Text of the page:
SPU must face the law

Dear Editor,
The headlines read, “Government relieves SPU/NICIL Head of duties” because of “a series of illegalities and failures”, and it made me elated that the legal process to prosecute those who raped our treasury has been initiated.
Can you imagine that, since 2015, sugar workers were not paid a dime in increase, whilst billions went unaccounted for and were simply just siphoned off? It has long been the firm belief that the SPU was formed specifically to siphon off money from an already ailing industry under the pretext of resuscitating it.
It is anyone’s guess where these billions went. The aim was to kill GuySuCo, and Heath-London knew that. Colvin may not be called 007, but he sure packed a lot of ‘heath’.
The SPU supposedly was responsible for the privatisation and divestment of identified assets of the Guyana Sugar Corporation, none of which materialised. Instead, the unit went on a ‘yard sale’ of assets to cronies for mere peanuts. It was no divestment, since the aim was not to raise cash or reduce debts; the aim was not restructuring to bring the entity to solvency, it was just plain old ‘thiefing’ in a more glorified form.
The sums garnered from the sale of assets were never used to improve the health of GuySuCo. The privatisation was just a con game to destroy the estates and to use it as an excuse to raise the $30 billion bond to provide more funds for stealing. Until now, the monies spent from the bond (not James Bond) are still unaccounted for.
The SPU expended millions to hire PricewaterhouseCoopers to do an evaluation of the assets of the closed estates, in addition to providing advisory and financial services. After the valuation, PWC developed an investment prospectus and distributed it to all interested parties. This was done, but the SPU never kept the estates operational, as they were supposed to be. It was clear that the prospected investors were faced with the risk-filled decision to purchase an entity which was not a ‘going concern’ any longer.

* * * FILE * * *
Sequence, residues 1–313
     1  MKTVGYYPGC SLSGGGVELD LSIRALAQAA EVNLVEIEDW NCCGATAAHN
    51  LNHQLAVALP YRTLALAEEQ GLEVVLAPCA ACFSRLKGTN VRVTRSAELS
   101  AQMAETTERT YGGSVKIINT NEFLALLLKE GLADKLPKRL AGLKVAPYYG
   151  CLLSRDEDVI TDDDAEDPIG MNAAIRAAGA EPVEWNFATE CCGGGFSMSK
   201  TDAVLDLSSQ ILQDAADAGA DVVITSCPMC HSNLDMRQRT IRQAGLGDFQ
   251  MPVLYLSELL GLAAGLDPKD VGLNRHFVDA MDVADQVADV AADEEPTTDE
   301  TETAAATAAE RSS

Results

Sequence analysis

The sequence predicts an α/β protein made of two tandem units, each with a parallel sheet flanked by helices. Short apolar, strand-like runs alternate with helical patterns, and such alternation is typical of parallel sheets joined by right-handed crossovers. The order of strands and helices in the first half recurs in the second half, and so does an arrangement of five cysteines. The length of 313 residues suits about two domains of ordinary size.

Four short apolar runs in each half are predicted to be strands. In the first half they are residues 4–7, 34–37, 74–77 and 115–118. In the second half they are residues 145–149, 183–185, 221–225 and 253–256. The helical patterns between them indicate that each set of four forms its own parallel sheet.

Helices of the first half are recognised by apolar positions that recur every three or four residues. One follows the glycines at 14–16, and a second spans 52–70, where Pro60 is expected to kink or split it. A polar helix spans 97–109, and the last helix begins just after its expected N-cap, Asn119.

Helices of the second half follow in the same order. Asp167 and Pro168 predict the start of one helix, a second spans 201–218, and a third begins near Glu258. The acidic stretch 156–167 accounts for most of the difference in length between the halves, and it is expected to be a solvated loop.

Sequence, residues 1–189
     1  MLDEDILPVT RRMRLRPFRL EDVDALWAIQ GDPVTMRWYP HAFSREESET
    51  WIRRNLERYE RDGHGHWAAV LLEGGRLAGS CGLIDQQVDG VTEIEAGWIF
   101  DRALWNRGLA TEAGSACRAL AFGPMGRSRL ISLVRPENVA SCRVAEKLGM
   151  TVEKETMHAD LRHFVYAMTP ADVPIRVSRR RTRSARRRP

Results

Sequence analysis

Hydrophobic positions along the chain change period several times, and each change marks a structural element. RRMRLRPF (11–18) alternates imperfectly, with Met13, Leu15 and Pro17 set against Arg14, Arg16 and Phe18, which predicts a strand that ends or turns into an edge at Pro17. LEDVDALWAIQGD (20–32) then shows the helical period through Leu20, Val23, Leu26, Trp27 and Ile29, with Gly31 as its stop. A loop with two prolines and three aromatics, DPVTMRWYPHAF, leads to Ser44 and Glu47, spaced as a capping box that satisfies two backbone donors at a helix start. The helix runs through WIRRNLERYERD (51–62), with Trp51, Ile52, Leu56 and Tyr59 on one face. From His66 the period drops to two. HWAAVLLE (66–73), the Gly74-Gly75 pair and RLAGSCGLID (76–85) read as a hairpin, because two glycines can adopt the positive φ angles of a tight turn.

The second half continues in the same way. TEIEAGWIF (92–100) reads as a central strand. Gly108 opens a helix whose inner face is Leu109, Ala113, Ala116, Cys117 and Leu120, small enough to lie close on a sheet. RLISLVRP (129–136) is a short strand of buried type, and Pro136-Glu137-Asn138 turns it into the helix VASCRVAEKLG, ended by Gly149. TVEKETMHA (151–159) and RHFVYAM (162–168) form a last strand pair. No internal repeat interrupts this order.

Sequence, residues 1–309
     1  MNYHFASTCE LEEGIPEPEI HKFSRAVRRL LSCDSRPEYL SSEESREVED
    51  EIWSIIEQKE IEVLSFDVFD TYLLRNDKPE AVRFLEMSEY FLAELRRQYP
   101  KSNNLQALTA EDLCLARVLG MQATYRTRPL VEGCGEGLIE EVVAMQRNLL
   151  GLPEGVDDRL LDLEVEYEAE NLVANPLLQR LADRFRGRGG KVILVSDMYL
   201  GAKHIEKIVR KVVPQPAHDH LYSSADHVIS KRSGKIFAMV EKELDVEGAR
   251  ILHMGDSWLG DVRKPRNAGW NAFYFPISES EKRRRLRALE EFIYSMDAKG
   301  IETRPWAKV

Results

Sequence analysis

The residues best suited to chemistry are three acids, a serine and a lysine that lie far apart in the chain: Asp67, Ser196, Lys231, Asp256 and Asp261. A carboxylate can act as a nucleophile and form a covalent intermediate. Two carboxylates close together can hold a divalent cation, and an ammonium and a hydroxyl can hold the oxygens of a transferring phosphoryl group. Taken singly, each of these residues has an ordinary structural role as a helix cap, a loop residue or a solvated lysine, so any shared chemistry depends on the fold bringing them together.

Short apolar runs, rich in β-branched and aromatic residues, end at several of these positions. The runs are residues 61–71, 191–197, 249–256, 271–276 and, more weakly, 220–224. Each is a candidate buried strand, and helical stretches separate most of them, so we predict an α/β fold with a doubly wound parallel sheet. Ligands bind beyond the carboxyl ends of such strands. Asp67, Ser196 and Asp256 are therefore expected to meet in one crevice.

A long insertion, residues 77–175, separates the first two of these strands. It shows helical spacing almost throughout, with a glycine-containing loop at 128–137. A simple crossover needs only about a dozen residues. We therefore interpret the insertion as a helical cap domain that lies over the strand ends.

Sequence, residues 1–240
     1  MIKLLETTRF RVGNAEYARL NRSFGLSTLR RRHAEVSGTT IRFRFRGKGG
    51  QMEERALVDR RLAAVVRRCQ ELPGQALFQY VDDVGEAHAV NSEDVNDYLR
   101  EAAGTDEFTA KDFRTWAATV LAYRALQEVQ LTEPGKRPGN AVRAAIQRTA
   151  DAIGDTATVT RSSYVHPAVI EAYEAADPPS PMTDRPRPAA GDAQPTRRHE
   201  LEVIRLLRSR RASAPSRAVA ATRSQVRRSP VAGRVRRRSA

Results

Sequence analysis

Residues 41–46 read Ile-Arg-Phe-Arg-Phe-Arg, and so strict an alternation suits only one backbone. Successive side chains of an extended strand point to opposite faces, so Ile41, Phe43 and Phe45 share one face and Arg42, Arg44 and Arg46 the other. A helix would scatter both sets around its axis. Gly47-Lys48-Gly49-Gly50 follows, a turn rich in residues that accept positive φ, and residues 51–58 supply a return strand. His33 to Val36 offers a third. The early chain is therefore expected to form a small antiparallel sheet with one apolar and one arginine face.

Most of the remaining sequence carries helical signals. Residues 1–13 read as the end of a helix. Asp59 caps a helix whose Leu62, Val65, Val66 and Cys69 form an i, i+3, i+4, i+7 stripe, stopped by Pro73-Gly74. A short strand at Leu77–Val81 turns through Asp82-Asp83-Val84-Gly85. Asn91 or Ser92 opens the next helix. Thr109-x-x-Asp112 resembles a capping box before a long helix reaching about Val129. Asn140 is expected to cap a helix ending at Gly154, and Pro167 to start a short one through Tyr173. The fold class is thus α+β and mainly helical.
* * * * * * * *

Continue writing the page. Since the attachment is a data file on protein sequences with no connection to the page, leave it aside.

After this, the Coalition and the SPU remained mum on the issue.
As it is today, it is evident that Wales has been destroyed beyond redemption, and it will take billions to bring back the other three closed estates to the position they were in before. This state of affairs must be placed squarely on the shoulders of the SPU head. He not only failed to make the closed estates saleable, but he must be made to account for the billions he was responsible to safeguard and to divest profitably, but sold for very little.
Imagine, the Coalition has the gall to speak about Pradoville 2, even Bond’s $US 1 million would make this pale into insignificance. If it was the case where assets could just be sold off willy-nilly, then there was no need for a special unit to do so, to whom they had to pay astronomical wages. The Coalition should have engaged the services of a petty thief, who I am inclined to believe would have done a better job.
The former SPU Head must also be made responsible for the physical deterioration of the remaining buildings, infrastructure, machinery and equipment, vehicles and motor cycles; and, most of all, the vast cane cultivation which has to be destroyed and replanted. If these are not criminal acts, then I beg to differ.
Mr London was given a job to do, and he did exactly the opposite. Dereliction of duty and misconduct are too mild terms to describe what he had done. It is now evident that the SPU Head operated with the same modus operandi as the Coalition. There was no public tender, valuations, Board approval, and no review and approval by NICIL’s counsel. Apart from failing to collect all the monies from the sales, he failed to present his accounts to the Auditor General for auditing from 2014 to 2019, and the answer is again obvious.
Like the Granger administration, he breached applicable laws and violated policies established by the Government and NICIL. It is clear that his actions also amount to a breach of the fiduciary duties and duty of care owed to NICIL imposed by the relevant provisions of the Companies Act 1991, and generally warranting his immediate termination, as the Government statement stated.
Heath never thought the Coalition would lose the 2020 Elections, and had thought that his misdeeds would have remained buried. It is clear that Colvin Heath-London was operating SPU and NICIL as his personal business, and was not subjected to any laws and regulations.

Yours sincerely,
Haseef Yusuf